'Broken City' film review: A not-so-perfect tale
The tale of "Broken City" is nothing new. It gives you broken images of a complex city - its people and politics through the multi-layered grey characters of its citizens.
The story is about Mayor Nicholas Hostetler's (Russell Crowe) re-election bid and an ex-cop, Billy Taggart's (Mark Wahlberg) quest for redemption.
In New York City, Billy is a sincere cop who guns down a suspected murderer and rapist. He is then forced to resign from the force and take a job as a private investigator.
Seven years later, Billy is barely getting by as a private investigator, the Mayor contacts him to do a little job. The Mayor suspects his wife, Cathleen Hostetler (Catherine Zeta-Jones) of having an affair. He is curious to know who she's dating, especially since it is time for the polls. Hostetler indignantly states, "No one would re-elect a Mayor, when they know someone else is screwing his wife."
After a bit of snooping, Billy concludes that Cathleen's lover is none other than Paul Andrews (Kyle Chandler), campaign manager for Jack Valliant (Barry Pepper), a city councilman hoping to unseat Hostetler in the upcoming mayoral race. Naturally, this revelation is far too juicy and preposterous to be the whole story, and Billy turns out to be the mayor's unwitting pawn in a vast, painful conspiracy centered around a multibillion-dollar deal to level a public housing project.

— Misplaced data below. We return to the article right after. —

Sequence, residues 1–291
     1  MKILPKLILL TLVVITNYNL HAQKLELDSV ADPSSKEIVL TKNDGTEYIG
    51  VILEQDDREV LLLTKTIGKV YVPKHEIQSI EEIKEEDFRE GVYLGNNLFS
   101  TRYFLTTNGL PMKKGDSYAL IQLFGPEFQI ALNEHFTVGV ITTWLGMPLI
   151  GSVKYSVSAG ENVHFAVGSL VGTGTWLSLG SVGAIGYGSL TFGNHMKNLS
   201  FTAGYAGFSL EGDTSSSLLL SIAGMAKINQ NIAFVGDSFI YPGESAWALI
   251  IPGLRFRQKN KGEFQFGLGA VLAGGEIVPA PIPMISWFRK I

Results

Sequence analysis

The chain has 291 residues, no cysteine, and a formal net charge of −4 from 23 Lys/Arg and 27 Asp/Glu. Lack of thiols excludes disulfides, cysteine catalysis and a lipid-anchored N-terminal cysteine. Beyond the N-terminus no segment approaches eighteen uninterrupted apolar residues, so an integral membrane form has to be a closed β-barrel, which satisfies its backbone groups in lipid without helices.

What follows is a messy round of back-stabbings, double-crosses and media manipulations. Still, even when the script merely skims the surface of the items of the political agenda, its crisp dialogues often show a measure of rhetorical force, particularly in a fiery, over-the-top debate between Jack and Nicholas.
Wahlberg, who has also co-produced the film, plays his part within his comfort zone with practiced determination. Rattling off streams of cynical, condescending words, Crowe is amusingly loquacious as the megalomaniacal Mayor, sure of himself. He would have been entirely convincing had the film been set in another era.
Zeta-Jones, with her hair-do and get-up, seems to emulate Jacqueline Kennedy. She, along with Wright, Chandler and Pepper are effective enough in roles that don't require them to do much more than exemplify a certain type.
Of the ensemble's lesser-known names, Alona Tal as Billy's Girl Friday and Natalie Martinez as Billy's aspiring-actress wife leave a fairly modest impression behind.
Director Allen Hughes achieves a reasonable visual facsimile of its intended setting, ably captured in Ben Seresin's cinematography and Tom Duffield's sometimes pretty, sometimes gritty production design. Other tech elements are pro.
Unfortunately, it is Brian Tucker's script that seems to have just missed its moment. His narrative is fine, but doesn't have enough sparkle to really stick out. It offers a rather too slick and dramatically tidy peek inside the corridors of power, but not evocative enough or unique enough to register as anything other than a couple of hours of what we know as "time-pass".